McCulloch commented, “Sadly, there has been no free, prior and informed consent of indigenous peoples, nor the full (or even partial) support and involvement of local communities.”
SmartWood is a Programme of the NGO The Rainforest Alliance (RA) that administers Verification Services in several areas including carbon project verification and validation. In 2008 it carried out a Validation Audit Report of the Ulu Masen project. Though the audit ended up validating the project, SmartWood’s report revealed that “key staff at FFI had not seen or knew very little” about Ulu Masen’s Project Design Document. This should have raised serious questions about how much detail the communities knew about the project and the implications for their livelihoods.
Anwar Ibrahim, an indigenous leader living at the edge of the Ulu Masen project area told REDD-Monitor in 2012 how he first heard of REDD:
“In 2007, Frank Momberg of FFI organised a meeting in the Hermes Hotel in Banda Aceh. This was when the discussion turned to carbon and the idea that people would get money if they keep their forest. The idea of Ulu Masen came from FFI, acting as a go-between between the Government of Aceh and investors. Since then we keep hearing about REDD, REDD+, REDD++. But don’t ask me what it means, because I don’t know.”
In Aceh, T. Camarud Zaman, the head of Sarah Raya village inside Ulu Masen, asked:
“What is the process of REDD? We’ve heard that carbon has been sold. Where’s the money? We’ve heard rumours that the map produced with support from FFI wasn’t accepted by the government because there are community areas inside it. Community members were involved in the mapping but don’t know what the follow up is.”
In addition to questions from local communities, questions about the Ulu Masen REDD project were also raised elsewhere. In May 2008, the consulting firm Development Alternatives wrote a report looking at the potential for USAID’s Environmental Services Programme to enter the carbon markets in Indonesia. “At the governmental levels there is no capacity to implement a carbon market project,” Development Alternatives concluded, adding that, “Fortunately, these projects will likely be implemented either by private parties or in a public-private partnership.”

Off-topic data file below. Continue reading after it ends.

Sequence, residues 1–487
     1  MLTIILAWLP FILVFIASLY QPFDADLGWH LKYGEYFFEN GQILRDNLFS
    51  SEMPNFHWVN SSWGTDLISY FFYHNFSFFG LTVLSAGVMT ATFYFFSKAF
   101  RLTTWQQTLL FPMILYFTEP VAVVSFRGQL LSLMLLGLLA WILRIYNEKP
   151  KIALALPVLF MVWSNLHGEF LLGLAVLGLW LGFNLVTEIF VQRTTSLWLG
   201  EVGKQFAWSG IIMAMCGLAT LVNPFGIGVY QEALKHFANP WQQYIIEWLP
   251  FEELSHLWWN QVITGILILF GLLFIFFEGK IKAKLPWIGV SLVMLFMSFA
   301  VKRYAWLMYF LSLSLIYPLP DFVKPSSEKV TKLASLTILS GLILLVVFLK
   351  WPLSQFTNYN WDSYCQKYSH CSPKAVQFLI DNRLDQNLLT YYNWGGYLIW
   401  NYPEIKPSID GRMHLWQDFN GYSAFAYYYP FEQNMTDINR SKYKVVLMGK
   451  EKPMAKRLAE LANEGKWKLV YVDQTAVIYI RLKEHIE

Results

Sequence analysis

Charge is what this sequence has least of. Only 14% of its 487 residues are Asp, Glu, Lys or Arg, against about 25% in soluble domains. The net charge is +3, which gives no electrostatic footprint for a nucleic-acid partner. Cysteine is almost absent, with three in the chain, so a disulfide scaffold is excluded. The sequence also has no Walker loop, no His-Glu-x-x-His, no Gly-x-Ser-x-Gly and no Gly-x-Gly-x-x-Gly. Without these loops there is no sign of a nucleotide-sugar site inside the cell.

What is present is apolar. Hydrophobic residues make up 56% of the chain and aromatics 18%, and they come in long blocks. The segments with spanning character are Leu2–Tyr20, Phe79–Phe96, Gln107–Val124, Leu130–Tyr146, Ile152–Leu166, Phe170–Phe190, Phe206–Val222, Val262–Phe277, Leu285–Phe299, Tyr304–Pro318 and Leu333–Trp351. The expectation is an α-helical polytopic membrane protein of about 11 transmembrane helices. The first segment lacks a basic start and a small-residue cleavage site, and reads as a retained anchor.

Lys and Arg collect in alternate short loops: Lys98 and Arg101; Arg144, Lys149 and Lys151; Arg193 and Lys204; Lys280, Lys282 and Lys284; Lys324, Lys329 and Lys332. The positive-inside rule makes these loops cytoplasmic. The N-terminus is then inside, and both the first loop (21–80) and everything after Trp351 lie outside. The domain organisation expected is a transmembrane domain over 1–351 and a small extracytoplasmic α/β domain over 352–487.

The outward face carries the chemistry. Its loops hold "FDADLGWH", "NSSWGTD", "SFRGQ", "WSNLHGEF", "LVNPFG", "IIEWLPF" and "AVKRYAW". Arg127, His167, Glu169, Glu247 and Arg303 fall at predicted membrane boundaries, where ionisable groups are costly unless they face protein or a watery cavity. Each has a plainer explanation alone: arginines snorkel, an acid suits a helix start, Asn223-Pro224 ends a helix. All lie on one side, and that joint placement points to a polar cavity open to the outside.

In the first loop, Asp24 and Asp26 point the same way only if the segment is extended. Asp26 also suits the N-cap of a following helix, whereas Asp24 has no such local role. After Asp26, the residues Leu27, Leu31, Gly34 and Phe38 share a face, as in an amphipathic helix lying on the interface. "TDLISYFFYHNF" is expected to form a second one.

In its report, Development Alternatives includes a list of issues that the Ulu Masen project had not publicly addressed, including:
* The many and critically important land tenure questions;
* The benefit distribution questions – related to the how much, who, what, where and when of the financial flow;
* The agreements between the project proponents. There is a non-transparent process with the project proponents stipulating what their agreements are; and
* The field level activities with communities, over 750,000ha, have not been described or defined other than in general terms.
Development Alternatvies report was published three months after SmartWood had validated the Ulu Masen project as complying to the CCBA standard. The issues raised were never addressed and five years later, Ulu Masen became the first REDD project to lose its CCB validation status.
No carbon credits have been sold from the Ulu Masen project and FFI has withdrawn its support. Dorjee Sun, the head of Carbon Conservation, did not reply to REDD-Monitor’s questions about the project. The Ulu Masen REDD project is at a complete standstill. Meanwhile, Aceh’s forests are more threatened than ever.